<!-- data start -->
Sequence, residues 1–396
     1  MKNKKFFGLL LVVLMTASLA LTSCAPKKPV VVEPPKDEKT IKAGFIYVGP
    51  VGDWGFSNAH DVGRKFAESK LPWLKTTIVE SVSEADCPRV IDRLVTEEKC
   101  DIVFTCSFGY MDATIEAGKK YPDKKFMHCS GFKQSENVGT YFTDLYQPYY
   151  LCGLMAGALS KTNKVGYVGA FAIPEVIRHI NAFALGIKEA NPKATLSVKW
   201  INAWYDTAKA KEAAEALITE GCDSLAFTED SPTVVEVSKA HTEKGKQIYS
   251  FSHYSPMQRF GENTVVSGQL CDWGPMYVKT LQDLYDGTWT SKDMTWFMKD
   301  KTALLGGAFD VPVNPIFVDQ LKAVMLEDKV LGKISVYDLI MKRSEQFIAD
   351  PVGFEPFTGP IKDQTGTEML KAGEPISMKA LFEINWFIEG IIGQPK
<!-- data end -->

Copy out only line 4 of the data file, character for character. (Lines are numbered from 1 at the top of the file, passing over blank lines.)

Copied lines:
   101  DIVFTCSFGY MDATIEAGKK YPDKKFMHCS GFKQSENVGT YFTDLYQPYY